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Scent Lineups

By Guy J. Hargreaves

Special Agent Hargreaves serves in the Office of International Training, Drug Enforcement Administration, Quantico, Virginia.

In Colorado, a bloodhound named Yogi tracked the scent of a kidnapped 5-year-old girl for 7 hours, traveling 14 miles from the site of the abduction. While Yogi rested overnight, police officers found the girl's body only a mile from where Yogi had last followed her scent. Continuing on the trail the next day, Yogi located the suspect in a nearby apartment complex.

Yogi's resume is impressive: 4 kidnapping cases (2 convictions, 2 pending prosecution), 45 homicides (sending 14 murderers to prison), and 350 other cases (with only 1 acquittal). Thanks to a sense of smell several thousand times greater than a human's, Yogi and other dogs like him have been used to pursue fugitives, locate escaped convicts, find missing persons, and detect drugs and explosives.

Yet another use exists for the dog's keen sense of smell: Identifying suspects in a lineup. Yogi himself has identified at least 25 suspects in lineups and has close to a 100-percent conviction rate in the Colorado courts.

In the United States, scent identification lineups represent a relatively new evidentiary tool.1 As such, law enforcement officers wishing to use this technique should consult the local prosecutor or their department's legal advisor for advice on the legal principles surrounding this method of identification. In Holland, however, the Dutch National Police have conducted extensive research and testing to develop a procedure that would withstand judicial scrutiny. The method, which uses steel pipes, is designed to limit the handler's involvement in the process and eliminate contact between the dog and the suspect. This article describes the detection dog lineup technique developed and refined by the Dutch police.2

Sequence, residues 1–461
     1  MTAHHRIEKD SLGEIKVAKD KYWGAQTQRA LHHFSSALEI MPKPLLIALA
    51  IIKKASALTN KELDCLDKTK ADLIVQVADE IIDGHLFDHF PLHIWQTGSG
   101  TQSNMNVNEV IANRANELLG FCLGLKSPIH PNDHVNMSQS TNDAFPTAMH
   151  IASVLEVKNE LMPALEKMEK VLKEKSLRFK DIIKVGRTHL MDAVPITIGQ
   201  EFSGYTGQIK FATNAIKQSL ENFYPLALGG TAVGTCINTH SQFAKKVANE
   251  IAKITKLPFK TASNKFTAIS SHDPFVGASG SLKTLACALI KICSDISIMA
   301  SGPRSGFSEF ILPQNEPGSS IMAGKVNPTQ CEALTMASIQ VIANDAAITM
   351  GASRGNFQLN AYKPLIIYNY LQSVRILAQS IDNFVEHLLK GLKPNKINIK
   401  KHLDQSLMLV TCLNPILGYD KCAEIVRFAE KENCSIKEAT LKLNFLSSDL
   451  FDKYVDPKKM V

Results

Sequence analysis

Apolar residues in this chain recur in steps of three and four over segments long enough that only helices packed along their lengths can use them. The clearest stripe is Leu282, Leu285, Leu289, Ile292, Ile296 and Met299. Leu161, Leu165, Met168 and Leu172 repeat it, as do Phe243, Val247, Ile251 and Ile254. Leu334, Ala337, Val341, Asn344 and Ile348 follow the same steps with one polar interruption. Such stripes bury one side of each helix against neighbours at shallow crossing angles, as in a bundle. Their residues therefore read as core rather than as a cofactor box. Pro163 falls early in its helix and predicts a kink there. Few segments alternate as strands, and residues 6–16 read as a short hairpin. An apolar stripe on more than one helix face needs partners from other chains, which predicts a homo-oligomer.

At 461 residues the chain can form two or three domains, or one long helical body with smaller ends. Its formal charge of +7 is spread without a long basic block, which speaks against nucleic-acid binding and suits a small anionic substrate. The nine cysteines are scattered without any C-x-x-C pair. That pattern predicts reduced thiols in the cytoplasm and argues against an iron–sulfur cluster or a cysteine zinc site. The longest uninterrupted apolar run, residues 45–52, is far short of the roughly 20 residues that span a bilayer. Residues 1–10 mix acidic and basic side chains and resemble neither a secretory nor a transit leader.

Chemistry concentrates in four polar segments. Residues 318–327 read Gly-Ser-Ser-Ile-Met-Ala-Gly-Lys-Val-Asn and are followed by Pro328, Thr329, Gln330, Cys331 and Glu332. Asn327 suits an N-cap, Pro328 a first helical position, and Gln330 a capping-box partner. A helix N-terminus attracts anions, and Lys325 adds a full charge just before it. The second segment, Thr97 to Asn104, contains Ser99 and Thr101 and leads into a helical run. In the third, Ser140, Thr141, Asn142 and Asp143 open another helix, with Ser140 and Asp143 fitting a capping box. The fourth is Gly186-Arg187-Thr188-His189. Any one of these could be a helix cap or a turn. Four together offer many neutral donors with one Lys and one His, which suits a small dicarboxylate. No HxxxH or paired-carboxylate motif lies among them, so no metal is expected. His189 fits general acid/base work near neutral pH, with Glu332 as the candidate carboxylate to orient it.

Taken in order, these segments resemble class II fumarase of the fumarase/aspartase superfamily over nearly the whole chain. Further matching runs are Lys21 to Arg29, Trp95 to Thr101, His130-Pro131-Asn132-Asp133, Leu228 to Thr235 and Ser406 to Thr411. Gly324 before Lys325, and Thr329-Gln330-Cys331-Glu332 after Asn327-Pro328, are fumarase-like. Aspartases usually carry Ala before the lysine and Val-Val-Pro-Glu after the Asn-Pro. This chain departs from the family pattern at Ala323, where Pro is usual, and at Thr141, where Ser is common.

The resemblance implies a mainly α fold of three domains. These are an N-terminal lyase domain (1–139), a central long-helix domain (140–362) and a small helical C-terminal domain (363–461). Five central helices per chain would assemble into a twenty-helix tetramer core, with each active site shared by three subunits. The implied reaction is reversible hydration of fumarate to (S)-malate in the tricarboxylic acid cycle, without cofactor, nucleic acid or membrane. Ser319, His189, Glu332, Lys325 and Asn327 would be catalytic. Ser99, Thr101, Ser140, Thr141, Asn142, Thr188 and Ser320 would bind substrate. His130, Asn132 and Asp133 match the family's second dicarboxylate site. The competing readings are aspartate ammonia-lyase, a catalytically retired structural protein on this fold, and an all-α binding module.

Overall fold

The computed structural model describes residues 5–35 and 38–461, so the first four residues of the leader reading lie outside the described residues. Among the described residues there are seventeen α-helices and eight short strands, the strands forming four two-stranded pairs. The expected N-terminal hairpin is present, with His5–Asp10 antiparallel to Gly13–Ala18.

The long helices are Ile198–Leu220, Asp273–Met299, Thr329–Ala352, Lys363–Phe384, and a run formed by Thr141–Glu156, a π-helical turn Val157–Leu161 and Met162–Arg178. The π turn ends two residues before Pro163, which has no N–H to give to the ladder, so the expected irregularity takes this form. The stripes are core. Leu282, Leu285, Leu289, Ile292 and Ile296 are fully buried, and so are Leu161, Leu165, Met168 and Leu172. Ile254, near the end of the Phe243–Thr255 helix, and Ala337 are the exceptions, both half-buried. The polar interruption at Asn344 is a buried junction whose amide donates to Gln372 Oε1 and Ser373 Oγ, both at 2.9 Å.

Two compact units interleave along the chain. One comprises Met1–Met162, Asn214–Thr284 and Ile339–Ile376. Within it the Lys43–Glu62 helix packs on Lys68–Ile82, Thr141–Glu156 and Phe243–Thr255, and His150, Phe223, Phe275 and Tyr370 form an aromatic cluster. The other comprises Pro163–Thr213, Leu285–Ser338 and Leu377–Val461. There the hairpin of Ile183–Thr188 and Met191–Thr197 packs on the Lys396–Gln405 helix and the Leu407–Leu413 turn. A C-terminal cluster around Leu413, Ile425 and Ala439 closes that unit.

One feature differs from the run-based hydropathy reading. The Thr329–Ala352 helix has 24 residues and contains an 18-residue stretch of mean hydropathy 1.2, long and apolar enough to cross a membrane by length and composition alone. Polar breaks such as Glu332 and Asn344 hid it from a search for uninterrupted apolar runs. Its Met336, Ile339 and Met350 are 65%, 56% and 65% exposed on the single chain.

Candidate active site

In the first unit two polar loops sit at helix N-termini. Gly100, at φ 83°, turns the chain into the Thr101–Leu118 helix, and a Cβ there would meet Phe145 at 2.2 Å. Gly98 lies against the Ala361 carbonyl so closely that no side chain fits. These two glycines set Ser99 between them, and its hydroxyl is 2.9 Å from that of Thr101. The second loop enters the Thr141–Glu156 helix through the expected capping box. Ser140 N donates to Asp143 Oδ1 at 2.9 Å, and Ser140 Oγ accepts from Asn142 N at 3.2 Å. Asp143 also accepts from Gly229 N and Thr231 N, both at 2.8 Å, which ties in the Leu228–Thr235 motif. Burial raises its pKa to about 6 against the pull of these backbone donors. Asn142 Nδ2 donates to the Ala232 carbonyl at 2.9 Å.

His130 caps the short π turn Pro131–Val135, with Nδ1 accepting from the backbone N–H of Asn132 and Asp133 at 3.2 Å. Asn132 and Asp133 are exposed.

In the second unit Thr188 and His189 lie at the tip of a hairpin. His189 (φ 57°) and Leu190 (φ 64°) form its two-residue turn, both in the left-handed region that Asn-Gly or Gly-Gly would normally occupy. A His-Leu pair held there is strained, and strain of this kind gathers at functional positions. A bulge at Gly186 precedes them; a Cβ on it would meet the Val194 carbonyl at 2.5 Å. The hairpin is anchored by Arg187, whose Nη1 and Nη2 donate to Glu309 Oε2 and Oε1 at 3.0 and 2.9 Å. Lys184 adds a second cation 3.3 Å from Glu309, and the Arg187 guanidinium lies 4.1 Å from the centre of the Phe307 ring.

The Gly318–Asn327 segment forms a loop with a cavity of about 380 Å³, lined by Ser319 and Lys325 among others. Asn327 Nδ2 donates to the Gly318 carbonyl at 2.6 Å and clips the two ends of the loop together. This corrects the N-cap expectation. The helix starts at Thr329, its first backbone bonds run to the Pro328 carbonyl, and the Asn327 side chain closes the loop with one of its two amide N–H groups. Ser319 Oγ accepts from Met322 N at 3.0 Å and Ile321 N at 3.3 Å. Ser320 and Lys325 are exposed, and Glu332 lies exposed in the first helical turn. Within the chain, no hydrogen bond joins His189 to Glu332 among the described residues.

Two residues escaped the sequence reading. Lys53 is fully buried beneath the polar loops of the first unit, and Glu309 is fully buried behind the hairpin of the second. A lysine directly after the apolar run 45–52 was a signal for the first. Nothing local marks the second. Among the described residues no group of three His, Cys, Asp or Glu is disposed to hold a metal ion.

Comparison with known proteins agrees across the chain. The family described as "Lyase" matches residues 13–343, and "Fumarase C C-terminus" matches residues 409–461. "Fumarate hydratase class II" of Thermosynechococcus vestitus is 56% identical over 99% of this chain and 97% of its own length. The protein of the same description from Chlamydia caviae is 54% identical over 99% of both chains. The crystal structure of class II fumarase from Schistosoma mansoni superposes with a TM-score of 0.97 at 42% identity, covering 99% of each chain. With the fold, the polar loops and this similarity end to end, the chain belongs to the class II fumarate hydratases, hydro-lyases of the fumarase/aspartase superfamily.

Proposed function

Since 1919, members of the Dutch Police Canine Unit have trained police dog handlers throughout the world. The unit began using several forms of scent identification lineups in the 1960s and developed the one described here in 1993.3

Today, the canine unit employs 15 full-time dog handlers and 15 Belgian Malinois for scent identification lineups. These clever canines sniff out the suspect in an average of 40 percent of the 900 cases they work each year.


Several different methods exist for using detection dogs to identify suspects. Dutch police dog handlers recommend the following technique.

Step #1: Collecting Evidence From the Crime Scene

First, the criminal investigator locates evidence from the crime scene. Any object that can hold a scent qualifies, including a piece of clothing or a shotgun shell. Wearing gloves and using gauze cloth and special tools to collect the evidence ensure that nothing else leaves its scent on the object.

Next, the investigator places the evidence in a sterilized glass jar or in a heat-sealed, tamper-proof bag. Properly sealed, the evidence must be stored following appropriate chain-of-custody guidelines to ensure its integrity for later use. The Dutch police have stored scent evidence for up to 3 years, then used detection dogs to identify suspects.

Step #2: Preparing for the Lineup

To conduct a proper lineup, police officials need six, 5-inch stainless steel pipes. The pipes are boiled in water or cleaned in a pressurized steam-cleaning machine, then placed in separate glass containers, each with a different colored lid.

Next, investigators select five plainclothes detectives to participate in the lineup with the subject. Even though the dogs identify suspects by scent alone, lineup participants ideally should be the same race and sex as the suspect. All participants, including the suspect, must wash their hands with a neutral soap to eliminate any foreign odor.

Each member of the lineup stands behind a glass jar, which officers have placed on the floor of the lineup room. On command, each person opens the glass jar, retrieves the pipe it contains, holds the pipe for 5 minutes, then places the pipe back into the container. Police officers supervise the entire process.